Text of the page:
April 20, 2024

The Lionesses World Cup Final: Why It’s More Than Just A Game

A female player also has plenty of challenges her male counterpart wouldn’t even think of – from finding a girls’ team with a qualified coach plus a pitch in the first place, to choosing a pair of boots which are designed for men’s feet (yes, they’re structurally rather different), to wearing white shorts during her period.

Slowly – perhaps too slowly – we’re seeing things change. There’s more research being done on professional women’s football; we can only hope this will start to reduce the number of anterior cruciate ligament injuries we see in the game, because we already know women are at greater risk of this issue.

Big brands are jostling to be associated with the Lionesses. And the front and back pages of all the newspapers are emblazoned with their photographs, with millions tuning into their matches, even if they are during a work day. Not too long ago, I was reporting on a Women’s World Cup where there was so little media interest that the England manager met with me and a few other journalists in a café to do a pre-match chat instead of setting up a big press conference. Imagine that happening now.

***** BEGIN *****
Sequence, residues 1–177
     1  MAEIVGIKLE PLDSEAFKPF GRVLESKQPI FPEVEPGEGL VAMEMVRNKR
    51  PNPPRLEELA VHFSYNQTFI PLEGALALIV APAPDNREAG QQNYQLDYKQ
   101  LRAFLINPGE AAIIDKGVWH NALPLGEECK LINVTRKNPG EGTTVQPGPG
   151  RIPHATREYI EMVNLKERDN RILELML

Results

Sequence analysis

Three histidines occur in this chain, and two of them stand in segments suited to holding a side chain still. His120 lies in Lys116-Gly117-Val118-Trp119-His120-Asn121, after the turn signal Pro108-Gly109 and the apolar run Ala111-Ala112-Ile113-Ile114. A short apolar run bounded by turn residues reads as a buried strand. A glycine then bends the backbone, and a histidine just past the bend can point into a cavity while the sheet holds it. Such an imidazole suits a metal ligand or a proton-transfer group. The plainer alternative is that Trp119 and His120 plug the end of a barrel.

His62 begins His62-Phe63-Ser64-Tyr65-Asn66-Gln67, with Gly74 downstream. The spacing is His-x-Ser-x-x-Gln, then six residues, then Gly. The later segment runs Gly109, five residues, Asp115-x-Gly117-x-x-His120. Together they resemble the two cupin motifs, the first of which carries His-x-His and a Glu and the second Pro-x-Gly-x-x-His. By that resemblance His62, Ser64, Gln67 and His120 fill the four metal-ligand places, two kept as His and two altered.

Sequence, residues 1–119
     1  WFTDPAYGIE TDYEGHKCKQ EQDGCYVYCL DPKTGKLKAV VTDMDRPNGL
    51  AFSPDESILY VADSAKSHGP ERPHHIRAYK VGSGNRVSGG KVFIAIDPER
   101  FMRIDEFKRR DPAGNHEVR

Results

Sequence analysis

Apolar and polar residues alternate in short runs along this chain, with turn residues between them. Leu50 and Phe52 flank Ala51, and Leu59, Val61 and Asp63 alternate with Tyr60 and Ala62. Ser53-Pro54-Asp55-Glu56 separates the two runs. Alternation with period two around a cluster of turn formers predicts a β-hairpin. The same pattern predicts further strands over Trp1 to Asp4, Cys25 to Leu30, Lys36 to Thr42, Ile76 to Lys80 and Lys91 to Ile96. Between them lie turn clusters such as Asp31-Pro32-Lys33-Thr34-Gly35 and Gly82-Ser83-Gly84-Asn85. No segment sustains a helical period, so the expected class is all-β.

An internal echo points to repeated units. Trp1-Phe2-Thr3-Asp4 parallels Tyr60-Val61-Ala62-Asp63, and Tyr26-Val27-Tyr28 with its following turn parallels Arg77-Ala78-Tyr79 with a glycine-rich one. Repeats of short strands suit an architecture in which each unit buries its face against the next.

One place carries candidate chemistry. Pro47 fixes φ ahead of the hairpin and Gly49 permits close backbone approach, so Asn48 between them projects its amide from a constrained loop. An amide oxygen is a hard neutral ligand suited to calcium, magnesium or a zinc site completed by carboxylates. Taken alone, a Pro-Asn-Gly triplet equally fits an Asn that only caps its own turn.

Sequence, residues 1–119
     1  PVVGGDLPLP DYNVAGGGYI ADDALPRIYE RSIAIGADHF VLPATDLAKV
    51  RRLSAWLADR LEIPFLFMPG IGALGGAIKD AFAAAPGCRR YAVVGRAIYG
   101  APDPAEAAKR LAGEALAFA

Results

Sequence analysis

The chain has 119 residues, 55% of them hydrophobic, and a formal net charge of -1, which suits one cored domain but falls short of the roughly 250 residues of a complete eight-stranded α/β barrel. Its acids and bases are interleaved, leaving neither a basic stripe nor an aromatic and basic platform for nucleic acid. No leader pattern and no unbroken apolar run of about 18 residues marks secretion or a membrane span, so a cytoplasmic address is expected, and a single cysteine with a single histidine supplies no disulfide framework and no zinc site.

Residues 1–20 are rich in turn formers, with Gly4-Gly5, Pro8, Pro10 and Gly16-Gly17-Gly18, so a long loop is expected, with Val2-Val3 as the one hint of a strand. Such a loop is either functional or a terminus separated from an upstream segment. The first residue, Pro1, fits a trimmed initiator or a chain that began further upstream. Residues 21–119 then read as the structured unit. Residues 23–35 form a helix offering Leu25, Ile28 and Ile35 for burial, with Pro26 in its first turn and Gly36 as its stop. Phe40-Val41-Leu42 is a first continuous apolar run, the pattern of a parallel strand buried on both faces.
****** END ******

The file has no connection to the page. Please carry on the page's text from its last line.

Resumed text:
It’s not always helpful to compare women’s football to men’s. Often it’s meant well – with the women contrasted favourably, described as playing for the love of the game rather than money, with a greater sense of fair play, and less deception when it comes to diving or time-wasting. When we see the incidences in the men’s game of accusations of sexual assault, or violence on or off the pitch, or discriminatory words from fans or players, it can be easy to point to the women’s competitions as a preferable alternative – an example of a truly beautiful game, where LGBTQ+ visibility is high, where teams have acknowledged issues of structural racism and begun to address them.

But women’s football deserves more than to be applauded simply as a moral opposition to the men. It’s sport. And it has its own fantastic qualities that deserve to be applauded and admired. Yes, the Lionesses’ personalities are endearing (who didn’t love besties Millie Bright and Rachel Daly’s impromptu karaoke and dance in Trafalgar Square last summer? ) and yes, they’re wonderful role models for girls and boys. They’re also full-time professionals, top-class athletes, technically gifted, totally dedicated, and they’re living their dreams. What’s more, they’re living the dreams that women have had for decades, but never had the chance to fulfil due to sexism and societal strictures.

The FA notoriously described football as “unsuitable for females” back in 1921. It was always a ludicrous thing to say. We see now that this most beautiful of games is hugely suitable for females – whether we’re on the pitch or on the sidelines supporting. Let’s all roar.

Leave a Reply

Your email address will not be published. Required fields are marked *